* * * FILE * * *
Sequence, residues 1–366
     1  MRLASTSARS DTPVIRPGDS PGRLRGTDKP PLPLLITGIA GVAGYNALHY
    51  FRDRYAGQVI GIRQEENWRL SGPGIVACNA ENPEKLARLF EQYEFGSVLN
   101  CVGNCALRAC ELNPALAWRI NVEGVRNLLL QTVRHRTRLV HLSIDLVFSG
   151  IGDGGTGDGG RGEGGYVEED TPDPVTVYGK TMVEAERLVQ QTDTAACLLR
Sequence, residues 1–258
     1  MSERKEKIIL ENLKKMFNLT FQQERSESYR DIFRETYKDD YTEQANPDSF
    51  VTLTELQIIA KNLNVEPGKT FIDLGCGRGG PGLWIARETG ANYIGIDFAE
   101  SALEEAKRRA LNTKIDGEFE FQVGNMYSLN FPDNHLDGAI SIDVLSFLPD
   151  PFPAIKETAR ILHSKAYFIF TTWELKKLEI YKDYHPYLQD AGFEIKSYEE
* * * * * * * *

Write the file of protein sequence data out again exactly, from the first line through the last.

Sequence, residues 1–366
     1  MRLASTSARS DTPVIRPGDS PGRLRGTDKP PLPLLITGIA GVAGYNALHY
    51  FRDRYAGQVI GIRQEENWRL SGPGIVACNA ENPEKLARLF EQYEFGSVLN
   101  CVGNCALRAC ELNPALAWRI NVEGVRNLLL QTVRHRTRLV HLSIDLVFSG
   151  IGDGGTGDGG RGEGGYVEED TPDPVTVYGK TMVEAERLVQ QTDTAACLLR
Sequence, residues 1–258
     1  MSERKEKIIL ENLKKMFNLT FQQERSESYR DIFRETYKDD YTEQANPDSF
    51  VTLTELQIIA KNLNVEPGKT FIDLGCGRGG PGLWIARETG ANYIGIDFAE
   101  SALEEAKRRA LNTKIDGEFE FQVGNMYSLN FPDNHLDGAI SIDVLSFLPD
   151  PFPAIKETAR ILHSKAYFIF TTWELKKLEI YKDYHPYLQD AGFEIKSYEE